All The Benefits

There are many, many benefits to us as consumers of flight simulation add-ons (including both software and hardware) for Microsoft to continue updating the sim for hopefully decades to come.  While the software add-on market has always been relatively strong, the hardware market is also making a huge comeback.  The hardware market had sort of become a bit stale in the last few years before the release of MSFS2020.  Today we have many different hardware developers creating everything from yokes, joysticks, pedals, throttles and all the various components to truly become free of needing to use the mouse and keyboard.  I firmly believe this increase of the number of software and hardware developers is testament to the success of Microsoft Flight Simulator.


I’m sure everyone has already viewed the teaser videos Microsoft released around the time of the announcement last year.  Much of the new mission content are things I’m really not interested in.  True, while I will probably spend time doing some of them…it’s just not something I’m overly excited about.  For me, what I enjoy about any flight sim is the open world opportunity to fly what I want to fly, wherever I choose to fly it.  But what might we expect to be included in MSFS2024 that we don’t have available today?

New Aircraft

I would expect much of what we consider the default aircraft included in MSFS2020 today will be made available in MSFS2024.  But there are a few new aircraft which should make their way into MSFS2020 such as the Beluga Airbus and Airbus A300M.  But again, these are probably aircraft that I will rarely fly in the sim.  But wait…there’s more to MSFS2024.

Weather Data Capabilities

Asobo have commented in a few of the developer streams of late that MSFS2024 weather data is going to get some changes from what we know about weather in MSFS2020.  Could we finally be able to import historical weather into the sim?  Again, time will tell and this is one of the reasons I’m holding out on purchasing ActiveSky FS which I discussed a few weeks ago.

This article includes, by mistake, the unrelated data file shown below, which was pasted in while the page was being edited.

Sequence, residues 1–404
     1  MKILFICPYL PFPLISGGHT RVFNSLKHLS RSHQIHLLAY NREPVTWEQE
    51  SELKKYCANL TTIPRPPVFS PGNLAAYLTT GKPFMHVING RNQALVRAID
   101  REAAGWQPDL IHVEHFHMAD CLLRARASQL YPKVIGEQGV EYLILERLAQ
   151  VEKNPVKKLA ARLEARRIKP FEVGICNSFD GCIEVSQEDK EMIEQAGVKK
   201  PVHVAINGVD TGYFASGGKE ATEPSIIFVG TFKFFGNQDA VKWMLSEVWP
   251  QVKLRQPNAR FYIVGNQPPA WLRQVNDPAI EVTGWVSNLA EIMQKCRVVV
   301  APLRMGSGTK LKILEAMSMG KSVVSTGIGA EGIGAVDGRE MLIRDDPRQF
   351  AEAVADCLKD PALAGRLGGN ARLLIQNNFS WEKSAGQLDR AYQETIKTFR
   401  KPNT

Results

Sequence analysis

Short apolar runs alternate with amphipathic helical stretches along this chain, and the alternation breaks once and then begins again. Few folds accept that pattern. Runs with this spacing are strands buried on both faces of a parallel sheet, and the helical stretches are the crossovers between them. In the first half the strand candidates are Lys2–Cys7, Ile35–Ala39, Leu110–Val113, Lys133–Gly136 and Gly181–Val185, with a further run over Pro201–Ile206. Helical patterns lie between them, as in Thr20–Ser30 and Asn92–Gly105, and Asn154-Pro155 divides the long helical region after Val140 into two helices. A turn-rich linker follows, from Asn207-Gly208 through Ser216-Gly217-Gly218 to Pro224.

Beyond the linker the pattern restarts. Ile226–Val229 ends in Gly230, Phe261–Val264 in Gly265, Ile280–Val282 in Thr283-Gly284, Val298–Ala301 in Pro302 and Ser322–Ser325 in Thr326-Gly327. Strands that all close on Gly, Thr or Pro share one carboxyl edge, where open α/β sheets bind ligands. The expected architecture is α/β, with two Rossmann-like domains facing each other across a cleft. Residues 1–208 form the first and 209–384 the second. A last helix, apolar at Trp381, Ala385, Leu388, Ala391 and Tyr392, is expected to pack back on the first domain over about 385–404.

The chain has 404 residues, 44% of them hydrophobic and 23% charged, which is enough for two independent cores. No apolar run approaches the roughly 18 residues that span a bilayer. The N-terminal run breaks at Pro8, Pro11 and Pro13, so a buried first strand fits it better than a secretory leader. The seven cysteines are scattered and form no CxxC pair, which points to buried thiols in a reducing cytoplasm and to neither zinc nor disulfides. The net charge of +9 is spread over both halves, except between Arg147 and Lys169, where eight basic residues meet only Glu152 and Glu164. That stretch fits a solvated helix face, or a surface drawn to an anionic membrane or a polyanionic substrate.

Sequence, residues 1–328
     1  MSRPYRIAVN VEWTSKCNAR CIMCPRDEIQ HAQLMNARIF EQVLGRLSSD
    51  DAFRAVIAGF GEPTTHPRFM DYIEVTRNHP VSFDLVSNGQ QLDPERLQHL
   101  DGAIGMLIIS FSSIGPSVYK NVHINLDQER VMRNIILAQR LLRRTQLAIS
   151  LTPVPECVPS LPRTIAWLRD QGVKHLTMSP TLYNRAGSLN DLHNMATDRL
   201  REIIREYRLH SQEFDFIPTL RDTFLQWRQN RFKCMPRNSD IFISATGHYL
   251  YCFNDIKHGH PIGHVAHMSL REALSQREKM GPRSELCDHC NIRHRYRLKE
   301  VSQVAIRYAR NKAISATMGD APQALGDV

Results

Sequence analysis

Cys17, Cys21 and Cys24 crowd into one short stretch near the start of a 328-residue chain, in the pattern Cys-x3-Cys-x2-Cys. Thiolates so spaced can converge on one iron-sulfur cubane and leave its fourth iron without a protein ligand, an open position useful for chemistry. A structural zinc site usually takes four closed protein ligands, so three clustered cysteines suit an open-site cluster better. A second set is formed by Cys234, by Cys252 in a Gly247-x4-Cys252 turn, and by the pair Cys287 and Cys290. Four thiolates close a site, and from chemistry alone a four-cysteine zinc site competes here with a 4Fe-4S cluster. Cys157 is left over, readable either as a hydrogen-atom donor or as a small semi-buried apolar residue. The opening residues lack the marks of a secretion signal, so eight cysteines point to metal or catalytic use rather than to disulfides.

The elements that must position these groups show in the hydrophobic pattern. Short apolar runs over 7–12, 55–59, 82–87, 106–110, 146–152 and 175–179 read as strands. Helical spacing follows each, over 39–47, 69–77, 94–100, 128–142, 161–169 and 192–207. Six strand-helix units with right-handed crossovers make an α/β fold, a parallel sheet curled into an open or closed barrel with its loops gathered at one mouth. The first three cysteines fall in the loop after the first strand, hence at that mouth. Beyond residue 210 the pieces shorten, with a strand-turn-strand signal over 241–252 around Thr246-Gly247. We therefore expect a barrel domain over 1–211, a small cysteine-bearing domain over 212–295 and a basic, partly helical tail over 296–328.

Freeware Marketplace

Now this I’m potentially excited about.  The amount of good, quality freeware add-ons that we have witnessed come onto the scene with MSFS2020 is exceptional.  While I own a great deal of payware airport sceneries for MSFS2020, I’m using several freeware airport sceneries in some locations as either there is no payware available or the freeware looks and performs better than the payware.  But Microsoft have noticed the demand of freeware content and may one day offer it to be available in the Microsoft Marketplace.  Like I said, I’m really excited about this as while I keep track of all the scenery I have installed in my sim (which you can see here), having this ability to install from Marketplace and hopefully be notified of any updates is a game changer for me.  This of course will also be HUGE for those on the XBox platform.  But we’ll see if this comes to fruition.

Release Date

As I’ve previously stated in this article, at this time we do not know when MSFS2024 will be released.  While history can always be a good indicator of things like this, we really just don’t know.  We may learn more after the FSExpo taking place in June (21-23 June), but I’m going to take a huge guess and say that MSFS2024 will release sometime between August and the end of the year.

Future of MSFS2020